Trial begins for Rotterdam man charged with murder of adopted child – The Daily Gazette
SCHENECTADY — The murder trial of a Rotterdam man accused of abusing two children in his care and killing one of the boys by stepping on their chests, causing serious internal injuries, began on Wednesday.
Dequan Greene, 28, from Rotterdam faces a host of charges in connection with the death of Charlie Garay, 4, on December 20, 2020, and the mistreatment of his older brother, including second degree murder , first degree manslaughter, second degree assault and two counts of endangering the welfare of a child.
Prosecutors in opening statements said Greene killed Garay by stepping on his chest, severely lacerating the boy’s liver and causing other internal injuries that would have killed the child within minutes, then fabricated a story explaining why the boy stopped breathing while first responders worked. to save his life.
Resuscitation efforts continued after the child was transported from Greene’s Broadway home to Ellis Hospital, where he was ultimately pronounced dead. Blunt trauma was later determined to be the cause of death.
“These are catastrophic injuries. Injuries that killed him quickly,” Assistant District Attorney Christina Tremante-Pelham said.
Garay and his older brother, who was 5 at the time of the incident, were placed in the care of Greene and his wife, Latrisha, in September 2020 after being removed from their biological parents’ home by the protective services of the Albany County childhood. The couple, who were caring for three children at the time, were certified foster parents.
Tremante-Pelham said the foster home was meant to be a safe haven for the children, but said Greene abused the boys and ultimately killed the youngest sibling. The allegations, she says, will be proven by testimony from first responders, doctors, eyewitnesses and the medical examiner. who performed the autopsy.
She added that there is also physical evidence, including photographs, which will show bruises all over the children’s bodies, as well as testimony from Garay’s older brother, who suffered similar injuries.
“The kids didn’t know much, and the social workers who put them there didn’t know it wasn’t a respite home, it was a house of horrors,” Tremante-Pelham said.
But James Tyner, a lawyer for Greene, said his client was not responsible for Garay’s death and had tried to save the child’s life using CPR and was very concerned about the condition. of the child as first responders attempted to save his life. which are not indicative of a murderer.
He added that the adoptive brothers had suffered abuse before coming into the care of the Greenes and were therefore at times difficult to deal with, requiring discipline in order to ensure their “proper upbringing”.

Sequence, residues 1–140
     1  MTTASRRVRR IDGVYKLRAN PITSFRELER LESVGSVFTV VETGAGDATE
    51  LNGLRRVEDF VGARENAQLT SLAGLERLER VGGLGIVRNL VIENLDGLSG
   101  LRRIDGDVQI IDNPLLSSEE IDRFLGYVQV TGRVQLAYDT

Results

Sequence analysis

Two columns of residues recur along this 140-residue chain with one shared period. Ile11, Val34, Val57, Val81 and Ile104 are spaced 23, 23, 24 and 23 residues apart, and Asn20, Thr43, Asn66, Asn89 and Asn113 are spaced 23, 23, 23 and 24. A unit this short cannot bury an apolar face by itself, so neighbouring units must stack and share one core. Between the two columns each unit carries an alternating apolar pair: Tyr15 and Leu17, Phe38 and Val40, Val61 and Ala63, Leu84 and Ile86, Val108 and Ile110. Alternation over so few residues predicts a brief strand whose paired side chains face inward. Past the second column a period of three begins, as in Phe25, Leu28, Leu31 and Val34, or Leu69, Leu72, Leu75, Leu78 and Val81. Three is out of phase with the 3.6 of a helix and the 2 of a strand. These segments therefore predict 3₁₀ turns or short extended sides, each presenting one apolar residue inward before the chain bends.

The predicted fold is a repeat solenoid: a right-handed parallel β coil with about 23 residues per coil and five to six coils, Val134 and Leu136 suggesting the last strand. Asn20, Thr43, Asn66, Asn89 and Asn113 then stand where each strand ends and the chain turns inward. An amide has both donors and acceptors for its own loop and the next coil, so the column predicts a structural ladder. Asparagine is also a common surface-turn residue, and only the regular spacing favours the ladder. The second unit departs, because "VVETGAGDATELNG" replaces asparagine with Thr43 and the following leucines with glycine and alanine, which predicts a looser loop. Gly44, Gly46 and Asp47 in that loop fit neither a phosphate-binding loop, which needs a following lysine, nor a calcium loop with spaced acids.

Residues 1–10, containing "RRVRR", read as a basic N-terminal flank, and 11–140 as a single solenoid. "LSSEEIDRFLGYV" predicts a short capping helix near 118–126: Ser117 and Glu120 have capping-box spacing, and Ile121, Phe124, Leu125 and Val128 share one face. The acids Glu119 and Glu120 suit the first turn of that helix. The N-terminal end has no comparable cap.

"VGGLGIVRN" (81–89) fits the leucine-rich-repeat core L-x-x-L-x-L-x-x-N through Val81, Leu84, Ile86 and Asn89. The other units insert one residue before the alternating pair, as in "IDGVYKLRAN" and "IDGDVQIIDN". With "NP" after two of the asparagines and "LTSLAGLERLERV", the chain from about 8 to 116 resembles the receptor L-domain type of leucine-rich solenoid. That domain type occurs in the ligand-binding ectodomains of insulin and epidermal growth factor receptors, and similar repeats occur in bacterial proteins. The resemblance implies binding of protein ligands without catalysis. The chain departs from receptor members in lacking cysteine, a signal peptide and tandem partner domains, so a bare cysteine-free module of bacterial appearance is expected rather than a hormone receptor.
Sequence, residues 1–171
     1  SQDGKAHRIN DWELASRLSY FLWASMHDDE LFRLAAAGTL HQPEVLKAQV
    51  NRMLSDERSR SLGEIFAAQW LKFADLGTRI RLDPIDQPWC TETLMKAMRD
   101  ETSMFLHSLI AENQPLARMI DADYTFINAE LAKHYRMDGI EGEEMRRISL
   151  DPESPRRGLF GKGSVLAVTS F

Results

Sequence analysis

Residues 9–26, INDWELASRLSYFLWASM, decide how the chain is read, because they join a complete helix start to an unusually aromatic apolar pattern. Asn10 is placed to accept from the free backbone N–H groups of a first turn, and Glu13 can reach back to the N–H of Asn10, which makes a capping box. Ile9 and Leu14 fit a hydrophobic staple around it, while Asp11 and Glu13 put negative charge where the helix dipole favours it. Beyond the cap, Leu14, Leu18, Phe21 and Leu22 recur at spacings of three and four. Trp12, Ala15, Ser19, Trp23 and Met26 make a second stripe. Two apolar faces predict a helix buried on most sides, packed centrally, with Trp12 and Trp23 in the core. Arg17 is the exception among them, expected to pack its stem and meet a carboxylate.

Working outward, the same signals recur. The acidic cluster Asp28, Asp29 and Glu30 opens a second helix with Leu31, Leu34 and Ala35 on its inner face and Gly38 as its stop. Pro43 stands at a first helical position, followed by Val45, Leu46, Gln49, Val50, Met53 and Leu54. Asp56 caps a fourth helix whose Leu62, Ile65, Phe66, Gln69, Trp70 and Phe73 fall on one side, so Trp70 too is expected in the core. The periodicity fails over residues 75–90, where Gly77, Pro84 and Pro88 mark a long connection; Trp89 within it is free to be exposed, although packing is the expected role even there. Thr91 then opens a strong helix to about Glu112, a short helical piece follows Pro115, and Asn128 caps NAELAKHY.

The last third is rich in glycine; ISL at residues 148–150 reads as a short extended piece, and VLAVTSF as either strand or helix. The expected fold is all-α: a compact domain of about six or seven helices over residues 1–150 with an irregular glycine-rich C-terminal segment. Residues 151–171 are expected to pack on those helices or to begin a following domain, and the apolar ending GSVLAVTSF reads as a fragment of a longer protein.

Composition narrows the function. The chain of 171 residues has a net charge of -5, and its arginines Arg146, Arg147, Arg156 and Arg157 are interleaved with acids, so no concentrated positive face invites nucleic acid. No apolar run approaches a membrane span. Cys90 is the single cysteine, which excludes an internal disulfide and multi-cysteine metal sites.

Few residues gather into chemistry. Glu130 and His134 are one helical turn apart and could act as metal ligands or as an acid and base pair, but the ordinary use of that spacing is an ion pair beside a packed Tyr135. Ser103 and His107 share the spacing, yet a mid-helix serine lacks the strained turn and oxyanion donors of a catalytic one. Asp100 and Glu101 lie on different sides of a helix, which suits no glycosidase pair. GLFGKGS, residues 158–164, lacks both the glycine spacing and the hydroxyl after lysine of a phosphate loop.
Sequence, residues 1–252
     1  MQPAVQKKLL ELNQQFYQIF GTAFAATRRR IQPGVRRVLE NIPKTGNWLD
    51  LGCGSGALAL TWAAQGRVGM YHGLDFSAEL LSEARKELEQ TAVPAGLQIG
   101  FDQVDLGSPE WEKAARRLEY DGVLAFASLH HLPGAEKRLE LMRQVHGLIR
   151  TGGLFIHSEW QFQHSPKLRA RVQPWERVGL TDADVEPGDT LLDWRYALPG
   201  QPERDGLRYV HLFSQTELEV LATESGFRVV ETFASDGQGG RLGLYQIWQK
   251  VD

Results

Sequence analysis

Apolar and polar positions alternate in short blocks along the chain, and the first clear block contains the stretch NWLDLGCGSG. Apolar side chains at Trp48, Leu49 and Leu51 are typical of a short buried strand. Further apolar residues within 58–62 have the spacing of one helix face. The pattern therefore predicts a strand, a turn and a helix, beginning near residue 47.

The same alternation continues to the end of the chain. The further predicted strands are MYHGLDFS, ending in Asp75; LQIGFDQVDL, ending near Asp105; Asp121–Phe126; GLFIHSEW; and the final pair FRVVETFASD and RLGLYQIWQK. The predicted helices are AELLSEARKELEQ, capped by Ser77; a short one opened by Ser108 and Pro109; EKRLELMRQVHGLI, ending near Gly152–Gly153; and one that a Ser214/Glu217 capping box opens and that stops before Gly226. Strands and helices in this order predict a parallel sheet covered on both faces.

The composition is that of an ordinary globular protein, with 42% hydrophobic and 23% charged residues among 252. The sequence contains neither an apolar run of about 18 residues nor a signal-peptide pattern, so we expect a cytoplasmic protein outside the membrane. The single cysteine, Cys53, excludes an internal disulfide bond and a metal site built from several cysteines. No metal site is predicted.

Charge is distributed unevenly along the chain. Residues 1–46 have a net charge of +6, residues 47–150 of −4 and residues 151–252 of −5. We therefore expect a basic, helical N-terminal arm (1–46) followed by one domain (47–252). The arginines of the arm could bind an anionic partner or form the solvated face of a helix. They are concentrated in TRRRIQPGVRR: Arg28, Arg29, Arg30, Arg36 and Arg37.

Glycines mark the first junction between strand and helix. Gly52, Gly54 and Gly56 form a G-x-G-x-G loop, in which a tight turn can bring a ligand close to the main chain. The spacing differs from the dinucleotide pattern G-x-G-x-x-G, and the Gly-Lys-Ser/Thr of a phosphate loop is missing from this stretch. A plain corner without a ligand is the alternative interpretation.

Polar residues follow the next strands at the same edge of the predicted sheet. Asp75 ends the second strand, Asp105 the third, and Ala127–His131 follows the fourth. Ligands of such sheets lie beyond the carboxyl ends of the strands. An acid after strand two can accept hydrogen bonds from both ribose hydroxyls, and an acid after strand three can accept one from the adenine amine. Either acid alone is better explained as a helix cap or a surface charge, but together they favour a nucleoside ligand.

Tyner said he plans to present evidence that will show Garay’s internal injuries were caused by first responders trying to save the child’s life. He did not mention a potential cause for why the child stopped breathing, saying only that the circumstances were “tragic”.
“That severed liver was the result, however well-intentioned, of the poor execution of CPR and the Heimlich maneuver,” Tyner said.
Greene told police Garay became unresponsive after falling from a chair and called his wife, who was out shopping during the incident, instead of dialing 911. Latrisha Greene told her husband alert the authorities and begin administering CPR.
It was Latisha Greene who finally called 911 after arriving home. She was initially charged with tampering with evidence, but those charges have since been dismissed.
The case has raised questions about whether authorities have ignored warning signs of abuse and whether enough has been done to protect children.
A lawsuit filed in Albany County Supreme Court last year by attorney Lorraine R. Silverman, the court-appointed guardian for older brother Garay and the estate of Charlie Garay, claims that child protective services in Albany and Schenectady counties missed repeated opportunities. to move the children.
The lawsuit claims that several employees involved in the case failed to take appropriate steps to “interview and assess ‘the two children’ alone in an appropriate context, and take appropriate steps to determine whether (the children) were being abused and beaten”.
On Wednesday, Tremante-Pelham said social workers were unable to assess the children for a month, between November 16, 2020 and December 16, 2020, after the family took a trip with the foster children. and canceled appointments in the weeks that followed. due to COVID-19 quarantines necessitated by travel and concerns about virus infection.
Authorities were finally able to see the children in person on December 16, 2020, four days before Garay’s death, but the children were wearing long-sleeved tracksuits that covered their arms and legs, according to Tremante-Pelham, who added n There were no signs of abuse at the time.
She added that Garay’s injuries were similar to those that could be sustained in a car accident and would have resulted in death within minutes, and that Daquan Greene’s explanation of what happened does not match the facts. , which she says shows he showed no concern for Garay, even as first responders worked frantically to save the boy.
“Most people that night did everything they could to save him,” Tremante-Pelham said.
Contact journalist Chad Arnold at: [email protected] Follow him on Twitter: @ChadGArnold.
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